Lora Shinn

March 2, 2009

2 Min Read
Uncapping mushrooms' beauty potential

Fungus isn't exactly a poster child for beauty, is it?

Think again.

Spurred by traditional uses and new research, manufacturers from Aveeno to Origins are adding mushroom extracts to face and skin products. But not your usual brown buttons. Rather, they're ‘shrooms with attitudes and the names to match: tremella, reishi and poria cocos.

Mushrooms are important in traditional Chinese medicine, says Tsueyhwa Lai, a licensed acupuncturist and doctoral clinic coordinator at the Oregon College of Oriental Medicine in Portland, Ore. However, most are ingested in healing foods or soups. For example, tremella contains more calcium than any other mushroom, according to Lai. And it has powerful rehydration benefits. “Personally, I use it when I feel the body is dehydrated,” she says. Those qualities also make it a prime candidate for beauty products, such as East Rutherford, N.J-based Maitake's Aquamella Cream.

As for reishi, Lai says it's highly prized in China, and was called the “miracle herb” in ancient times. Traditionally, reishi is thought to improve strength, build joint and bone resiliency and benefit the major organs. And what's the largest organ? The skin. However, some mushrooms do have a history of topical usage. “Poria cocos has been used externally for cosmetic products,” Lai says. “It is used to remove dark pigmentation and wrinkles.”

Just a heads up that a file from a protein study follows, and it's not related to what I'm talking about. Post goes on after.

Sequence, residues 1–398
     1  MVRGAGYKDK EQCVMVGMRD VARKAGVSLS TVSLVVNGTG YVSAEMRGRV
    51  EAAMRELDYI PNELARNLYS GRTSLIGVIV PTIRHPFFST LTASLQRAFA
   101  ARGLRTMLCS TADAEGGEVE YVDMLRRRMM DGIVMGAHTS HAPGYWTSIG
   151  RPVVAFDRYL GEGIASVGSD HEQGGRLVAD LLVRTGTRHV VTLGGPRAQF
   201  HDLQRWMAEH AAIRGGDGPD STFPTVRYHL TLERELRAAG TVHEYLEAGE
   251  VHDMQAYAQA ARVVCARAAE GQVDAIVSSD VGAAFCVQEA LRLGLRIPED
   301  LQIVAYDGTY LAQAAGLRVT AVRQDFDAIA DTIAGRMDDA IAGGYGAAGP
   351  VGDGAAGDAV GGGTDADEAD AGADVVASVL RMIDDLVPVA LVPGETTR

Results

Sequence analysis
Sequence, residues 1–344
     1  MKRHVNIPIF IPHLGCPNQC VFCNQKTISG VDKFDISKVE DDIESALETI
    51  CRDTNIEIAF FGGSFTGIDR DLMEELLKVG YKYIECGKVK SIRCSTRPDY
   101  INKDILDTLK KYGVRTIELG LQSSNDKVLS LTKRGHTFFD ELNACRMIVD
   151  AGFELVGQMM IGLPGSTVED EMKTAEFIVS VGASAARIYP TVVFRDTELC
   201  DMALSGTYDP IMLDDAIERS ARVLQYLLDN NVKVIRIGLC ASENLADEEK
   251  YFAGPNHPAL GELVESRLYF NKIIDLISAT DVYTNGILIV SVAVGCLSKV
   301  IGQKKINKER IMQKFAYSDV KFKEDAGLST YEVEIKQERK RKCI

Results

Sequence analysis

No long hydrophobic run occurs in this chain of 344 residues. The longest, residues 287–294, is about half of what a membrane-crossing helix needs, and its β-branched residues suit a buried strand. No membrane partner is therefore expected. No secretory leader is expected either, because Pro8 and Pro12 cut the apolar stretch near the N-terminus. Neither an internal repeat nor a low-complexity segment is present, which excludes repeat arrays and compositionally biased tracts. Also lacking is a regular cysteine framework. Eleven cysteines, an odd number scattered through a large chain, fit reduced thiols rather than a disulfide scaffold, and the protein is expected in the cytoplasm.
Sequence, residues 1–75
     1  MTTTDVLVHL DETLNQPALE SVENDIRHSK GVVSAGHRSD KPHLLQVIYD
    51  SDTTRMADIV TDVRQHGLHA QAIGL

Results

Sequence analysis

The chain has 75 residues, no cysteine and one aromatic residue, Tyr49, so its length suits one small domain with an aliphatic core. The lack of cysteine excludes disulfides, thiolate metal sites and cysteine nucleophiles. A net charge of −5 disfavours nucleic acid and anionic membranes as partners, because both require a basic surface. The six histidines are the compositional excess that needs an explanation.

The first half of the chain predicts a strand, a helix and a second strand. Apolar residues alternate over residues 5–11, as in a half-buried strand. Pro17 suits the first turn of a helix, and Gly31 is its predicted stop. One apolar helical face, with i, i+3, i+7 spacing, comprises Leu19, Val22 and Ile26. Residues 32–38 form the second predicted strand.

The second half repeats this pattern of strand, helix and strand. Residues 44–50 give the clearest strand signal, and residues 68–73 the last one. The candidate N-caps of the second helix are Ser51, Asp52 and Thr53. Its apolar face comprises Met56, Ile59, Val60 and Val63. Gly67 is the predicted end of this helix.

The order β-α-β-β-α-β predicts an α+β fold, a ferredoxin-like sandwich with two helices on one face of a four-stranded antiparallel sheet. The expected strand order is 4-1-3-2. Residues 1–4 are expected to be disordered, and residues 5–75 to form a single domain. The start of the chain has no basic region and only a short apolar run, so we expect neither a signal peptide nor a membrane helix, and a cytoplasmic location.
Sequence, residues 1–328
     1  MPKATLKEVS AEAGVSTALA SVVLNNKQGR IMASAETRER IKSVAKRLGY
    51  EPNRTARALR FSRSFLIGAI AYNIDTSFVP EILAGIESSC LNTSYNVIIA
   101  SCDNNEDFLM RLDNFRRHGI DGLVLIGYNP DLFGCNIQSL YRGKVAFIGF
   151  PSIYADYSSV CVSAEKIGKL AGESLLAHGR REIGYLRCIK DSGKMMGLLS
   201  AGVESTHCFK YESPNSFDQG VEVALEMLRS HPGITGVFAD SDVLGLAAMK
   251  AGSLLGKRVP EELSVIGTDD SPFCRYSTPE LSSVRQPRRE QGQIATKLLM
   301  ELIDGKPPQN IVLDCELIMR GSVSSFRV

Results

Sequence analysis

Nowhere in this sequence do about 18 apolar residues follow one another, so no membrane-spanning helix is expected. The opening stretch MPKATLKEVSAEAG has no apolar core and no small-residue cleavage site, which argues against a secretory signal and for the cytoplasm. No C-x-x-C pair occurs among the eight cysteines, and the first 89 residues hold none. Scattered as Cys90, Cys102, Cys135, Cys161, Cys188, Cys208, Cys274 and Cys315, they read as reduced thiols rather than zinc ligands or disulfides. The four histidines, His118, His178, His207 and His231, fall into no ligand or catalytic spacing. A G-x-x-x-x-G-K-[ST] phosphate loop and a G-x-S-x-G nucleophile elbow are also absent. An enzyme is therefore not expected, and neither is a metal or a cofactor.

It's that type of traditional use that intrigues modern-day researchers—and consumers. “There is building scientific evidence that some mushroom extracts can inhibit the enzyme tyrosinase and are therefore candidates for use for hyperpigmentation,” or dark skin spots, says Cindy Jones, Ph.D., a biochemist specializing in natural products and owner of the Sagescript Institute in Longmont, Colo.

Scientists in Germany have found that poria cocos reduced irritation caused by sodium laurel sulfate, and Chinese researchers have shown that the reishi mushroom has significant anti-tyrosinase activity. Kojic acid is another mushroom extract ripe for the plucking, Jones says. It's used in dozens of natural products, such as Phoenix-based Devita International's Skin Brightening Serum and Harrison, N.Y.-based DDF's Doctor's Holistic Intensive Lightener.

While mushrooms' popularity has already taken off, the research hasn't quite kept up. “Not much actual human data is available,” Jones says, “although early results are promising.”

Lora Shinn is a Seattle-based freelance writer.

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